Winners Selected in LifeEdited Competition To Design New York Apartment

Can you crowdsource design? Can you run an international ideas competition online, with over 300 submissions, commenting, inviting change, watching schemes evolve, and then judge it? Evidently yes, because Graham Hill and the LifeEdited team at Jovoto just did it, and the results were amazing. Graham says:

"We were blown away by the number and quality of submissions and are extremely thankful to the incredible amount of time spent on putting them together. Creating a shortlist and picking the number one entry were extremely difficult tasks and we'd like to remind the reader, ultimately subjective ones. "

"The competition was fierce...to keep up, you not only had to have a great scheme, you also had to do an incredible job in rendering it, explaining your rationale and even putting together compelling videos. There had been few examples of crowdsourcing architecture and we believe that this project proves that, at least at this scale, it's absolutely possible. "

"There were some incredible ideas that came out of this competition and it was fascinating to see how many different approaches there could be for one small rectangular space. "




The winner:
One size fits all.

Juror's comments:

"This idea is very smart in that it creates layers of use that are both original, and practical. For example the bed unfolding over the couch makes a lot of sense: when in bed the couch is not needed...The singular moving partition is a brilliant move, as many new uses are achieved with just one single transformation. The living room and couch set-up is quite luxurious considering the overall size of the apartment, and there resides the genius of this entry: each separate living function seems to maximize the entire space, rather than be confined to a compromised space." - Yves Behar, Fuse Project


"This is the best plan that balances clean and timeless aesthetics, cost effective replicability that will be attractive to both the Millennials, Gen Xers and Boomers alike. The plan achieves most for the requirements - with a few modifications - it could be close to perfect! I would love to stay here and entertain my friends." -
Darin Dinsmore, Crowdbrite


Honorable Mention: Living in the Future

Jurors' comments:

"Design is a response to a problem, and for it to be replicable, there has to be more than just drawings but a rationale. Of all the schemes presented, this one explained what it was trying to do. It is not the prettiest, but every inch of it is thought out. That is what makes it a model for others; It is livable and has lessons that can be applied anywhere. Someone will walk into the glass wall and break their nose, but other than that it just stands out above the rest." - Lloyd Alter, Treehugger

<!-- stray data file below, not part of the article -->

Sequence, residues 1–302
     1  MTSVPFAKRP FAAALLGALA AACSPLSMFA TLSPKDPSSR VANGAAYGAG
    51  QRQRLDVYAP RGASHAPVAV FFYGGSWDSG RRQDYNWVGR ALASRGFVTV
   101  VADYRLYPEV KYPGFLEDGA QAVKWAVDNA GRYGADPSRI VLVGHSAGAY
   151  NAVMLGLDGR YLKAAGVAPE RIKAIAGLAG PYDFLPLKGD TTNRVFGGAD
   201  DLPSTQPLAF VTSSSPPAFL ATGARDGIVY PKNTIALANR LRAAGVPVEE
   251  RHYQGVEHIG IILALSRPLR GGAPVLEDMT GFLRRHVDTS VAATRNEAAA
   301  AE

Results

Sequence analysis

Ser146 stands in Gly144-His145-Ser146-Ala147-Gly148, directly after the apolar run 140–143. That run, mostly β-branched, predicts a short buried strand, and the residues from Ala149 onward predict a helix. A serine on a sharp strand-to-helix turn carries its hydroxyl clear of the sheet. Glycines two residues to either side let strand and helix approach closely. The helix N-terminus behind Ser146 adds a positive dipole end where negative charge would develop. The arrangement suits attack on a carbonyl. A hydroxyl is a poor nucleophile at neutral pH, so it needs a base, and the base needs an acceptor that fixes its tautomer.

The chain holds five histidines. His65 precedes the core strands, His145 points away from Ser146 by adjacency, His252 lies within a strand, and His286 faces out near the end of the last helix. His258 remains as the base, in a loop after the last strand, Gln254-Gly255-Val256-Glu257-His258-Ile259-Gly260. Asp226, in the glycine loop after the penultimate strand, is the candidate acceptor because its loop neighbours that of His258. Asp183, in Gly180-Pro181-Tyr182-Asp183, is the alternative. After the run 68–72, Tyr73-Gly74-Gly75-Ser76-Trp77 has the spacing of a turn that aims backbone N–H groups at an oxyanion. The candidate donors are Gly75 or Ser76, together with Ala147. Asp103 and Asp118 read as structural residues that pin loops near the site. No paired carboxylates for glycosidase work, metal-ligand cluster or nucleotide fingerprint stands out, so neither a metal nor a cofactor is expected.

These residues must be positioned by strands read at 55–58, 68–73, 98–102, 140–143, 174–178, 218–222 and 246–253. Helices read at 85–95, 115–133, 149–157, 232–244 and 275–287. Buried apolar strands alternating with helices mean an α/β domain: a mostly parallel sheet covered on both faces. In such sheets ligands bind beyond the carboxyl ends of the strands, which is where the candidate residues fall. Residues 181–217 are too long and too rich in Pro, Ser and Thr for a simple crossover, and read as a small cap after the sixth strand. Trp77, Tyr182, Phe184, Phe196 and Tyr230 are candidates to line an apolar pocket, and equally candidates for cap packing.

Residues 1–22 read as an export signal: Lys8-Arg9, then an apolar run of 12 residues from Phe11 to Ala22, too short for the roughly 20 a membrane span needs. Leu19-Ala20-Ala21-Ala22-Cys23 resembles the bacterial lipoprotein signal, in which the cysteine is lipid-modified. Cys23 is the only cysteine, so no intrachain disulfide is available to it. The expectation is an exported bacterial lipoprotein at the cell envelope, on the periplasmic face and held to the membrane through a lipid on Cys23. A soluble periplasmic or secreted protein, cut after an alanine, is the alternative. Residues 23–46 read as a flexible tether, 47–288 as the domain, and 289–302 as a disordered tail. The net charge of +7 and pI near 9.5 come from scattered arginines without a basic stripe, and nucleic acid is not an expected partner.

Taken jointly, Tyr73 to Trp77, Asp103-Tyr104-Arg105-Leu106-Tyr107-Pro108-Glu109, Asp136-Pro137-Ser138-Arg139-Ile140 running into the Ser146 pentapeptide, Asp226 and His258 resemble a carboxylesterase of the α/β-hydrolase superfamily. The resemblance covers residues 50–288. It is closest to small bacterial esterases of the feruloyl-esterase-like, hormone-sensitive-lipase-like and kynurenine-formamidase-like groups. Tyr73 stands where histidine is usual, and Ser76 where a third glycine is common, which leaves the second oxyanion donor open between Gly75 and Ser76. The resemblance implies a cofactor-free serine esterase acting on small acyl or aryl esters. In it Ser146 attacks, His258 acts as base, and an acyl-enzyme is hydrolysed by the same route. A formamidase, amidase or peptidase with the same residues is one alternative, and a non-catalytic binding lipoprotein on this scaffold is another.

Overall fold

"This design, I believe, takes more of the human factors into account and provides a less sterile environment that would be more accepted (not just hypothetically replicable) across more cultures. Of the finalists, it was ultimately where I could envision living. Living spaces -- while optimizable via science -- are a subjective art, and I felt like being able to say "I could live there" was one of the most important criteria." - Tim Ferriss, Four Hour Workweek


Honorable Mention: Surfaces

Jurors' comments:


"I love the design style and the complete openness of the rooms. It feels really big and luxurious. If I were choosing for myself, this would be the one for me. I think like many of the top rated/voted submissions, this meets all of the requirements, but I think this gets an honorable mention because of the ease in which Gorlov's designs can be duplicated and applied to many small urban spaces. And the cherry on top is the luxe feel of everything. Nothing feels small here." - SuChin Pak

"Surfaces' clear diagram of programatic north and south walls is executed beautifully to maximize space in open and closed postions. It provides for all of the brief's major requirements very well and remains an elegant and inviting space in all positions. There is an effortlessness to the design where no function seems cramped or awkward. Achieving a sense of ease in a space this tight deserves to win, but the success of this design is also its ability to be replicated. The design wisely avoids the eastern wall, and packs the solid program to the west. The wall units along the north and south can be customized, replicated and installed into any apartment with a straight wall. Great job!" - Mark Kushner, Architizer

As a juror, (and a submitter of some ideas at the beginning to help get the ball rolling) I found the whole exercise fascinating. Most architectural competitions have a single end point, a mass of submissions that all come in at the last second, and there is no give and take, discussion or evolution through the process. Here, some entries got hundreds of comments, did any number of iterations and changes, resulting in a far more coherent and comprehensive group of entries by the end of the competition. It is a participatory process as much as it is a competition.

The sponsors were a big attraction, and the jurors were pretty impressive too, including:

* Lloyd Alter - Treehugger
* Yves Behar - Fuse Project
* Susan Casey - O Magazine
* Allan Chochinov - Core77
* David de Rothschild - Adventure Ecology
* Darin Dinsmore - Crowdbrite
* Tim Ferriss - 4 Hour Workweek
* Ashok Gupta - NRDC
* Paul Hawken - Author
* Graham Hill - LifeEdited
* Zem Joaquin - Ecofabulous
* Mike Kisch - Cisco
* Mark Kushner - Architizer
* William McDonough - William McDonough + Partners
* Suchin Pak - MTV
* Ken Rother - Treehugger

I can confess that at the beginning, I had doubts that you could crowdsource design. But it worked. More at LifeEdited

Tags: Less Is More | LifeEdited | Living With Less

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